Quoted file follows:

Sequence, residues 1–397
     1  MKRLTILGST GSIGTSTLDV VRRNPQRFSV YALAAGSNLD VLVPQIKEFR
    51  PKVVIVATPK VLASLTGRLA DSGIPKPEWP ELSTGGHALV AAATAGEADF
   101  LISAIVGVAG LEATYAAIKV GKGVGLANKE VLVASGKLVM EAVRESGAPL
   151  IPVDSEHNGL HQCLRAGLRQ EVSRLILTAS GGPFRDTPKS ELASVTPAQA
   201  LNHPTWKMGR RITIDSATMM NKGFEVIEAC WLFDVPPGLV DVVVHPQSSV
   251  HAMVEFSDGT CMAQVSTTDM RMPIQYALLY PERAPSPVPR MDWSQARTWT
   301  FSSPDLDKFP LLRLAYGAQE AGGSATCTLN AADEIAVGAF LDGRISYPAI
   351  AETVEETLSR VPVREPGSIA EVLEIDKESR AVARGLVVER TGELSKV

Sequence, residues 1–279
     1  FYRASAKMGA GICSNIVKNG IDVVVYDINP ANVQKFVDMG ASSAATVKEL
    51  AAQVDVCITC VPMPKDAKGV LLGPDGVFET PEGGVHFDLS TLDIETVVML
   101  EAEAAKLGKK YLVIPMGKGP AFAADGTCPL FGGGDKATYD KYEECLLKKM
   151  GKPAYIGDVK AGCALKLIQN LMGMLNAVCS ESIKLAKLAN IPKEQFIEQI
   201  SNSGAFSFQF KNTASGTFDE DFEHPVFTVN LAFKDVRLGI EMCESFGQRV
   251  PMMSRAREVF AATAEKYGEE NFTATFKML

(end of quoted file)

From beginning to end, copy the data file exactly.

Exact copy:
Sequence, residues 1–397
     1  MKRLTILGST GSIGTSTLDV VRRNPQRFSV YALAAGSNLD VLVPQIKEFR
    51  PKVVIVATPK VLASLTGRLA DSGIPKPEWP ELSTGGHALV AAATAGEADF
   101  LISAIVGVAG LEATYAAIKV GKGVGLANKE VLVASGKLVM EAVRESGAPL
   151  IPVDSEHNGL HQCLRAGLRQ EVSRLILTAS GGPFRDTPKS ELASVTPAQA
   201  LNHPTWKMGR RITIDSATMM NKGFEVIEAC WLFDVPPGLV DVVVHPQSSV
   251  HAMVEFSDGT CMAQVSTTDM RMPIQYALLY PERAPSPVPR MDWSQARTWT
   301  FSSPDLDKFP LLRLAYGAQE AGGSATCTLN AADEIAVGAF LDGRISYPAI
   351  AETVEETLSR VPVREPGSIA EVLEIDKESR AVARGLVVER TGELSKV

Sequence, residues 1–279
     1  FYRASAKMGA GICSNIVKNG IDVVVYDINP ANVQKFVDMG ASSAATVKEL
    51  AAQVDVCITC VPMPKDAKGV LLGPDGVFET PEGGVHFDLS TLDIETVVML
   101  EAEAAKLGKK YLVIPMGKGP AFAADGTCPL FGGGDKATYD KYEECLLKKM
   151  GKPAYIGDVK AGCALKLIQN LMGMLNAVCS ESIKLAKLAN IPKEQFIEQI
   201  SNSGAFSFQF KNTASGTFDE DFEHPVFTVN LAFKDVRLGI EMCESFGQRV
   251  PMMSRAREVF AATAEKYGEE NFTATFKML